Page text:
Volume No. 16 Issue No. 10 October 2019  



  Native American group focuses on sacred trees and places
  

     The Association for Native American Sacred Trees and Places, or NASTaP, was founded on Dec. 27, 2017. John Anderson, author and storyteller, and Dr. James Jefferson, Ute Elder from the Southern Ute reservation, worked together to create NASTaP.
   
   John Anderson was hiking in Black Forest when he saw an “old, bent, pine tree.” In his video, “Native American Culturally Modified Trees,” Anderson said he had just read about Ute prayer trees and wondered if the pine tree was one. He invited friends to join him on another hike, and they ended up documenting about 24 trees they thought were culturally modified trees or CMTs.
   
   In the video, Anderson said he was afraid people would think the CMTs were distressed from the Black Forest fire, which started June 11, 2013. He wanted to get the word out about the sacred trees, so he wrote the book, “Ute Indian Prayer Trees, of the Pikes Peak Region.” He then decided to try to connect with someone from the Southern Ute reservation, south of Durango, for more information.
   
   Nathan Strong Elk, former executive director of the Southern Ute Cultural Center and Museum, agreed to meet with him; from there, he met Jefferson. In 2013, Anderson invited Jefferson and his peers to the Black Forest area for a barbecue to show them the trees. There were 15 Ute tribal members who joined them that year, and the next year 30 people attended the barbecue. Jefferson and Anderson have been working closely together ever since.
   
   “We have two missions close to our hearts,” said Heidi Wigand-Nicely, NASTaP secretary. “Awareness, education and preservation and to reconnect Native Americans, especially the youth, to their culture, the trees and to the sacred places.” Wigand-Nicely said the Utes didn’t grow up with the trees because they were moved to reservations and the elders who knew about the trees are now in their 80s. She said through grants and donations they paid for 10 Ute youth, from two different reservations, to attend the national conference in August.
   
   “They visited the trees with us and listened to the presentations by the Ute elders, so we were able to expose them to the parts of their culture that got lost in the process of them moving onto the reservations,” Wigand-Nicely said. Many of the elders don’t talk about the trees or their heritage.
   
   When they were forced onto the reservations, many were sent to boarding schools, where their names were changed; they were forbidden to talk about their culture or heritage, she said. Some of the elders still feel prohibited to talk about it because of those days, and there are a lot who aren’t aware of the trees at all, she said.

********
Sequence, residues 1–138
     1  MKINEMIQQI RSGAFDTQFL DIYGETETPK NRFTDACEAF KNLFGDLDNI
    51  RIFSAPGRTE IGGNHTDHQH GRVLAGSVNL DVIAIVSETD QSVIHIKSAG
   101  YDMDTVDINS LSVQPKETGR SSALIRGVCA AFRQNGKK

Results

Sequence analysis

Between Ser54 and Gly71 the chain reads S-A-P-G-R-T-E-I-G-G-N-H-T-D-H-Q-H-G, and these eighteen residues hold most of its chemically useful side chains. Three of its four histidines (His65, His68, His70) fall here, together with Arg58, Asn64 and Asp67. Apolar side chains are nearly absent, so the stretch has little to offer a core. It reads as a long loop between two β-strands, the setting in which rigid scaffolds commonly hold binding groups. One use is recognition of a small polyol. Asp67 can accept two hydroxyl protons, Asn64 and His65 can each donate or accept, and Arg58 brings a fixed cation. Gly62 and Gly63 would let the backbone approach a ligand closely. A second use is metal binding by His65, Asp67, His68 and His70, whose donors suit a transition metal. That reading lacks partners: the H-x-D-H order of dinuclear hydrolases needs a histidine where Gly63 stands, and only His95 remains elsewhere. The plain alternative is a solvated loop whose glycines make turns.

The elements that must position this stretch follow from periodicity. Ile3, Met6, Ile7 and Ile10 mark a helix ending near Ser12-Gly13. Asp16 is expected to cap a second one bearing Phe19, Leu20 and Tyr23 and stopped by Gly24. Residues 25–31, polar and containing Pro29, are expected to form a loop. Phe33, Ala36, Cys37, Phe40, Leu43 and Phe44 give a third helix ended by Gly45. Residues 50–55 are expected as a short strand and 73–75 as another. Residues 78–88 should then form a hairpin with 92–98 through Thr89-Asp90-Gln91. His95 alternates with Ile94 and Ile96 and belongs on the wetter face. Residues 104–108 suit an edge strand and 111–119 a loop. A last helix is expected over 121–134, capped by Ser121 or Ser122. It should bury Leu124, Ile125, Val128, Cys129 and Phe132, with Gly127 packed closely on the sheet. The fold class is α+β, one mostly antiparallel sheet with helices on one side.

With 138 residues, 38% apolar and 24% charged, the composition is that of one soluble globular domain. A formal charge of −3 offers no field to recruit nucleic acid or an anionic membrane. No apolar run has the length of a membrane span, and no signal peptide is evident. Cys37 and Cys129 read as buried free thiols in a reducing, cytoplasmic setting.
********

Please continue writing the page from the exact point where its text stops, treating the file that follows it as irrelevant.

NASTaP provides regular walking tours to the public, Wigand-Nicely said. “We would, of course, love people to join NASTaP, but the hikes are open to anyone, not just members.” Culturally modified trees are identified throughout the walk, and observers are taught how to recognize them, as opposed to trees modified by nature or humans, etc., she said.
   
   Currently, if people think there is a CMT on their property, they can email Wigand-Nicely, and NASTaP will send out people to make a determination. They have a standards committee seeking a grant to be able to formally document the trees, the locations and the features that verify the CMT.
   
   Often, property owners will join NASTaP to help the organization educate people and preserve the trees, Wigand-Nicely said. “Our mission is to get the word out to save these trees, until they die of natural causes,” she said. The UTE have been the focus of their efforts because of their presence in the area. But NASTaP is inclusive to all Native Americans and their sacred trees and places.
   
   In a separate interview, Anderson said, “The most important point I try to communicate is that these trees are living Native American cultural artifacts that were left behind by our indigenous people as a legacy gift. And these CMTs are worthy of our best conservation efforts so they can be researched further and enjoyed by future generations.”
   
   NASTaP has members throughout the United States and internationally. Anyone can become a member. For more information about NASTaP, visit https:// https://nastap.org. Wigand-Nicely said interested parties should email her for more information or for questions on hikes: heidi.wigand.nicely@gmail.com.
 
 
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